Gruesome photos posted online Sunday by an Al Qaeda splinter group show the summary executions of dozens of captive Iraqi soldiers in the group's attack on a city in central Iraq and are believed to be authentic, military officials have acknowledged.
The release of the photos by the Islamic State of Iraq and Syria, or ISIS, came amid violence elsewhere in Iraq. A string of explosions rocked Badghad on Sunday, killing at least 15, according to the Associated Press. Earlier in the day, Agence France-Presse reported that six people were killed when a recruitment center in central Iraq for volunteer fighters was hit by mortar rounds.
The purported execution photos are being widely shared on social media and Iraqi military officials acknowledged being aware that some of the soldiers had been killed by their captors. But the military did not provide a specific number, and there was no way to verify the militant group's claims.
The Iraqi military's chief spokesman, Lt. Gen. Qassim Moussawi, told the Associated Press that the photos were believed to be real and confirmed that the dead soldiers had been taken prisoner by ISIS.
The crisis has made for some unlikely bedfellows. Iranian President Hassan Rouhani said Saturday that Iran would "consider" working with the United States to bolster the shaky Shiite-led Iraqi government, with which Iran has strong ties. He added that Prime Minister Nouri Maliki had not contacted Iran for assistance.
On Sunday, Sen. Lindsey Graham (R-S.C.), who serves on the Armed Services Committee, called for the U.S. to talk directly with Iran to devise a plan to stop what he characterized as an ISIS march toward Baghdad. "If ISIS is not dealt with, that's the staging area for a new attack on the United States," Graham said on CNN.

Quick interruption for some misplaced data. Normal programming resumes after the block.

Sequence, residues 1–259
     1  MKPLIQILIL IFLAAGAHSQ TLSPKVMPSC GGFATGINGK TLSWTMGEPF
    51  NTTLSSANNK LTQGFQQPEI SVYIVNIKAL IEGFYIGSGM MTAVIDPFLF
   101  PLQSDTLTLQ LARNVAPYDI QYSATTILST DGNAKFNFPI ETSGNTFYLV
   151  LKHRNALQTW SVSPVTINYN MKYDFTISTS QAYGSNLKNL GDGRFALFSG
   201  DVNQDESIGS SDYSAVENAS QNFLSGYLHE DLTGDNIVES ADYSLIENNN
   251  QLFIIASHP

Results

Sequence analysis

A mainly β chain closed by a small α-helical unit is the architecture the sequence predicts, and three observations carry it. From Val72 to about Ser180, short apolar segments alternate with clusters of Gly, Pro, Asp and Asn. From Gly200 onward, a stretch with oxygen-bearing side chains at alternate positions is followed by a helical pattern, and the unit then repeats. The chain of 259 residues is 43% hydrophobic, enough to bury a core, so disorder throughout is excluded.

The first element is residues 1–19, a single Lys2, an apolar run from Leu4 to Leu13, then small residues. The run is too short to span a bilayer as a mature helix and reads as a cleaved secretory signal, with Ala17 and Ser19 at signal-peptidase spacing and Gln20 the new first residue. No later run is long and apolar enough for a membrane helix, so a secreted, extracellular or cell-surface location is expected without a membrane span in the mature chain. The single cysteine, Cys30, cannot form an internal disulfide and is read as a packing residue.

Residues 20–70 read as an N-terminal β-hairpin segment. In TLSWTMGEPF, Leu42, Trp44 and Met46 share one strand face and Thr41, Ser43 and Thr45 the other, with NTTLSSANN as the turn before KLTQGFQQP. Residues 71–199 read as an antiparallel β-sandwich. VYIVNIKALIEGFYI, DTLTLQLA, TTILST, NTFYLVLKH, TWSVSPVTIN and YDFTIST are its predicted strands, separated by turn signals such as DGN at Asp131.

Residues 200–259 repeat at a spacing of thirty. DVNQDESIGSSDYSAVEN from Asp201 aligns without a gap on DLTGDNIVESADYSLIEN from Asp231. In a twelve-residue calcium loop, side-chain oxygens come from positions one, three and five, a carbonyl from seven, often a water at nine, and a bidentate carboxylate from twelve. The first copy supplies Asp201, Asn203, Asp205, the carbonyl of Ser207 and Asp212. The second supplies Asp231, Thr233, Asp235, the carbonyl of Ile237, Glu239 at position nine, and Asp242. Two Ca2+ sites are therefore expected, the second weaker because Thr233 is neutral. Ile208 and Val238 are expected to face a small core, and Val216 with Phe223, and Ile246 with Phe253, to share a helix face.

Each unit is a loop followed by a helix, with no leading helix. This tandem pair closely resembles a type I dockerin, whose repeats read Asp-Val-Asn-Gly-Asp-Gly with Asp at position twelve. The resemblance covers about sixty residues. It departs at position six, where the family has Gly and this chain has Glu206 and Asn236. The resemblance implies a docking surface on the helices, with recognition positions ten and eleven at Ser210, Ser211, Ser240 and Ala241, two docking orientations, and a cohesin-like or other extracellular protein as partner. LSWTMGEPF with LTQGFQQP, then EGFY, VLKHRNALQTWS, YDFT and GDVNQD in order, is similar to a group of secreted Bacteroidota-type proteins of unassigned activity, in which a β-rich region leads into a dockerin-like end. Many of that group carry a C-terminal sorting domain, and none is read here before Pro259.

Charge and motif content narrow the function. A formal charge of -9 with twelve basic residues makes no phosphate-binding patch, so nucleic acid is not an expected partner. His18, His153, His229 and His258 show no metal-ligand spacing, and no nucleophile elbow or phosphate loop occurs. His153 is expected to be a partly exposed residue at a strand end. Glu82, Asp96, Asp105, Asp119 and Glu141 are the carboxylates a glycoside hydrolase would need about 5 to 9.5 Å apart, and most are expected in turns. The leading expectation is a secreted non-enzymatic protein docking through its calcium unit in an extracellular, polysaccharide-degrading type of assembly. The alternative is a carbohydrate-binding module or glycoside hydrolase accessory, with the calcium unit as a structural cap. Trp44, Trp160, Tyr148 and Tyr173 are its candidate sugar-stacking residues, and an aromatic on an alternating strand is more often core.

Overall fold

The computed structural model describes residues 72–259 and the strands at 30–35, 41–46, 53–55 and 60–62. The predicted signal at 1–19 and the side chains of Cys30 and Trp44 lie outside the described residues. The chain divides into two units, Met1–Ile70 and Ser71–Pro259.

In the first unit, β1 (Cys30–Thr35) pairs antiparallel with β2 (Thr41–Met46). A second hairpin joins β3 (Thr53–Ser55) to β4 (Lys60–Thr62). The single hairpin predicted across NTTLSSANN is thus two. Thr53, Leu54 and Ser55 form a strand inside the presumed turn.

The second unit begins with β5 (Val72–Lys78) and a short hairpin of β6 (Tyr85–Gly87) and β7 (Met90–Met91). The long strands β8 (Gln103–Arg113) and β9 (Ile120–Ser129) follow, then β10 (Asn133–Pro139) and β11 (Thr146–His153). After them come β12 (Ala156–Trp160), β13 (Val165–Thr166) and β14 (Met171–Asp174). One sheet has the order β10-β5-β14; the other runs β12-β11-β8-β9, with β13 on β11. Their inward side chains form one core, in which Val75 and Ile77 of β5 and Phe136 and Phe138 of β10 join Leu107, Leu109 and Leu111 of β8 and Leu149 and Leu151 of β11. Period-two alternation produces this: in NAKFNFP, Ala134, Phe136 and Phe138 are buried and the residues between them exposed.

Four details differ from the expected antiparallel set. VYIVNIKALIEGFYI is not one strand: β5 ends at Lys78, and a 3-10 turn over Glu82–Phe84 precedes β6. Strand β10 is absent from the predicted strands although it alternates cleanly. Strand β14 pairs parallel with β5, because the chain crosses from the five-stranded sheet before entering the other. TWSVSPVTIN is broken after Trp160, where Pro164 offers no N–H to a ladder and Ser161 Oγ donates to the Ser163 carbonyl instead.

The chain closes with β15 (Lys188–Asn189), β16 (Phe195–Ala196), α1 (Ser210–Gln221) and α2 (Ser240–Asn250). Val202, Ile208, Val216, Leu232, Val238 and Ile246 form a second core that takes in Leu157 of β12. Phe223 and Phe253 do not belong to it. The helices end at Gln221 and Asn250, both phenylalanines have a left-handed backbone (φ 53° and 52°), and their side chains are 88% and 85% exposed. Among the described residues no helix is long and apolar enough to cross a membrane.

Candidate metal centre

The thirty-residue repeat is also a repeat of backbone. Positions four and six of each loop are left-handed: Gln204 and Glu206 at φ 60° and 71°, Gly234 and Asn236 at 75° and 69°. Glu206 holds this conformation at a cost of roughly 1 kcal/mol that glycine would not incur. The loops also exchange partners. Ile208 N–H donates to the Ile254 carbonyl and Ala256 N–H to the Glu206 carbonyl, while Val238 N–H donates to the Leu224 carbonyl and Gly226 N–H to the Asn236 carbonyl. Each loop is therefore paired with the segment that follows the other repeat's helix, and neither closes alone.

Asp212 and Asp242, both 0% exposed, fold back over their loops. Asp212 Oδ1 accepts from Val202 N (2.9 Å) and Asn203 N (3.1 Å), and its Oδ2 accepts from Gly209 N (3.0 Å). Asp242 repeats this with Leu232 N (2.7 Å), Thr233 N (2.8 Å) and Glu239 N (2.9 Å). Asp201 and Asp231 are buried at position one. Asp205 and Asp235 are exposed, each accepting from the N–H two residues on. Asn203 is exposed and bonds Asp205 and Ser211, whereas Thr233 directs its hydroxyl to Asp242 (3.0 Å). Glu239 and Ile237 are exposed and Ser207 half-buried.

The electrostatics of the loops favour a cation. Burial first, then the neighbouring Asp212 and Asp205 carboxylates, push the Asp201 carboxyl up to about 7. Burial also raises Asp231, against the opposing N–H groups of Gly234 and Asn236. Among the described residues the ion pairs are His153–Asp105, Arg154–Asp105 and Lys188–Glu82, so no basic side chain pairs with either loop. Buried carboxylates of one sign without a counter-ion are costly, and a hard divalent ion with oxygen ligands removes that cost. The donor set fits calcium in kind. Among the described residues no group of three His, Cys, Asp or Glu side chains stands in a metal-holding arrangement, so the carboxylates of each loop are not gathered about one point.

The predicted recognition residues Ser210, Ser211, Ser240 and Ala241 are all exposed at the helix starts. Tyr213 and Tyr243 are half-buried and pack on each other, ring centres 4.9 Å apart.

The killings of captive Iraqi soldiers were said to have taken place in the Iraqi province of Salahuddin and the environs of Tikrit, the birthplace of Saddam Hussein, about 90 miles northwest of the capital, Baghdad.
ISIS fighters last week launched a blitz in Mosul, Iraq's second-largest city and an important oil hub, that saw Iraqi army and police units shed their uniforms and literally run for their lives. The government, stunned by the collapse of its forces, vowed swift and harsh punishment for those who abandoned their posts.
The online images purportedly document the attack on Tikrit, beginning with ISIS fighters atop pickup trucks and sedans raising their black banner at staging points outside Tikrit. Others show army Humvees and heavy trucks, originally provided by the U.S. to Iraq's military, commandeered by the fighters.
More disturbing photos follow, depicting rows of men lying on the ground in shallow trenches as an ISIS fighter sprays them with gunfire. A caption boasts of "killing of the herds … that have escaped from the military bases." Other images show what are described as captured soldiers in trucks to be "taken to their deaths" as "the lions of ISIS race to devour their prey."
Many Sunnis view the Iraqi army as a force largely driven by the sectarian dictates of Maliki, a Shiite hardliner whose exclusionary policies have bred deep resentment among the Sunni population. Shiites are the majority in Iraq but Sunnis are a large minority and previously held most posts of power.